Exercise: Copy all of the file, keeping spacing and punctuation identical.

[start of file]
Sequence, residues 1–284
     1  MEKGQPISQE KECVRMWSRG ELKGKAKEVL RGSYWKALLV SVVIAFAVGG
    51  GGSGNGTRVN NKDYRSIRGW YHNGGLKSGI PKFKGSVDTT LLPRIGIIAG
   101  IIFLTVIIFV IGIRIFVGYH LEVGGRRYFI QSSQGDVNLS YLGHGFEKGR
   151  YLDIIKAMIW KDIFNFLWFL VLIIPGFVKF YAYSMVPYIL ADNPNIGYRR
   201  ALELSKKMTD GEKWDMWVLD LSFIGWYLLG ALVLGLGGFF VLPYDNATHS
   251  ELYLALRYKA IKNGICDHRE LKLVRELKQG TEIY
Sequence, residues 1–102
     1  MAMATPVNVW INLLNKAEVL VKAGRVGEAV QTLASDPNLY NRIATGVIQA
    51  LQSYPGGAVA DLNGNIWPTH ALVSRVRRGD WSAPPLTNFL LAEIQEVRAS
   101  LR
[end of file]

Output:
Sequence, residues 1–284
     1  MEKGQPISQE KECVRMWSRG ELKGKAKEVL RGSYWKALLV SVVIAFAVGG
    51  GGSGNGTRVN NKDYRSIRGW YHNGGLKSGI PKFKGSVDTT LLPRIGIIAG
   101  IIFLTVIIFV IGIRIFVGYH LEVGGRRYFI QSSQGDVNLS YLGHGFEKGR
   151  YLDIIKAMIW KDIFNFLWFL VLIIPGFVKF YAYSMVPYIL ADNPNIGYRR
   201  ALELSKKMTD GEKWDMWVLD LSFIGWYLLG ALVLGLGGFF VLPYDNATHS
   251  ELYLALRYKA IKNGICDHRE LKLVRELKQG TEIY
Sequence, residues 1–102
     1  MAMATPVNVW INLLNKAEVL VKAGRVGEAV QTLASDPNLY NRIATGVIQA
    51  LQSYPGGAVA DLNGNIWPTH ALVSRVRRGD WSAPPLTNFL LAEIQEVRAS
   101  LR